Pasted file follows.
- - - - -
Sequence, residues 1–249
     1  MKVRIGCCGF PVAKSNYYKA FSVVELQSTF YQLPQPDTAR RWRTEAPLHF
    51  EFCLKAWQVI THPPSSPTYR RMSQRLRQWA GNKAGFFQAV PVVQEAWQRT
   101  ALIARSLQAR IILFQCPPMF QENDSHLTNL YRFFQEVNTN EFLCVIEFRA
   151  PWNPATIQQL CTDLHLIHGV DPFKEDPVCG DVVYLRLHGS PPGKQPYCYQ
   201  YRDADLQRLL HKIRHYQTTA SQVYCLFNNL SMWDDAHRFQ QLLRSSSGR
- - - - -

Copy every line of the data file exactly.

Sequence, residues 1–249
     1  MKVRIGCCGF PVAKSNYYKA FSVVELQSTF YQLPQPDTAR RWRTEAPLHF
    51  EFCLKAWQVI THPPSSPTYR RMSQRLRQWA GNKAGFFQAV PVVQEAWQRT
   101  ALIARSLQAR IILFQCPPMF QENDSHLTNL YRFFQEVNTN EFLCVIEFRA
   151  PWNPATIQQL CTDLHLIHGV DPFKEDPVCG DVVYLRLHGS PPGKQPYCYQ
   201  YRDADLQRLL HKIRHYQTTA SQVYCLFNNL SMWDDAHRFQ QLLRSSSGR